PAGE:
Life gets busy, I keep reading, but reviewing falls by the wayside. I’ve got a stack of books to tell you about that is embarrassingly high. I’m starting with Michael Connelly’s The Gods of Guilt because it is a) new and b) totally gift-worthy. It’s the fifth novel in the Lincoln Lawyer series (I’m not counting Mickey Haller’s brief appearance in the Harry Bosch book, Nine Dragons).
Here’s the set-up: As usual, Mickey is scrambling for cases. He still prefers to work out of the back seat of his town car, with his driver up front, but now he’s got a bit of an entourage. Bills to pay. And he’s got a new client – an Internet pimp named Andre La Cosse is accused of murdering one of his girls, Giselle. The twist is that the person who recommended Mickey to Andre is the murder victim. Turns out she was an old client who supposedly left the life after testifying against a big-time criminal. Mickey is soon convinced that he has that rarest of clients: an innocent man. Not a nice man, of course. But not guilty.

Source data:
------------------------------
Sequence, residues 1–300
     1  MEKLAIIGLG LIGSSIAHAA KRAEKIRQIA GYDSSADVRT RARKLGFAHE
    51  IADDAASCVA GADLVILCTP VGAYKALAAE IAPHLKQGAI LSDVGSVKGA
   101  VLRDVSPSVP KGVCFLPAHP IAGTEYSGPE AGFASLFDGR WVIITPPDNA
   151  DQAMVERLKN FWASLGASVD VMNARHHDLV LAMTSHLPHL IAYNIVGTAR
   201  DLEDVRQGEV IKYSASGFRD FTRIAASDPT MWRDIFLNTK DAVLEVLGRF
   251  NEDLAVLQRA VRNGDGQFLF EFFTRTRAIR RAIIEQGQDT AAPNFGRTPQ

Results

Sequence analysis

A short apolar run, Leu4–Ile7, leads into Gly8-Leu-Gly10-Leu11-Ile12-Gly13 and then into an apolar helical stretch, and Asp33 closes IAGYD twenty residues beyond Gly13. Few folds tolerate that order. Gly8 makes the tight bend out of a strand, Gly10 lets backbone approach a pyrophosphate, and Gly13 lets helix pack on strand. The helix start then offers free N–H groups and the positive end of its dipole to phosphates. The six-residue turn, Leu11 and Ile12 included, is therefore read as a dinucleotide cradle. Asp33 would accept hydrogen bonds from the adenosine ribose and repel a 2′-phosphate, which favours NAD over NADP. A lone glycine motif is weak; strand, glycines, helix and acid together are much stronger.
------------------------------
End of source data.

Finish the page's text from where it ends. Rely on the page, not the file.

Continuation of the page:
As always with Connelly, the book is very well-plotted, the characters are three dimensional, and the danger is real. It’s a legal thriller- and boy, does that courtroom work shine. How Haller gets unnamed bad guy A to flip on unnamed bad guy B – bad guy names withheld to avoid spoiling your enjoyment – is smart and risky, just what you’d expect.
The Lincoln Lawyer series has a lighter feel and a lot of humor in comparison to other courtroom dramas, but Connelly doesn’t rely on formula. Where Mickey was as sassy as a newly-minted penny at the start of the series, he’s now a bit more burnished, more self-reflective, and a little sadder. He’s got a lot of baggage and made some bad decisions. It only serves to make the character deeper and more interesting.
So hie thee to your local independent bookseller for a copy or two, wrap them in brightly colored paper and place gently under the tree for opening Christmas morning. Guaranteed to make for a comfy afternoon by the fire.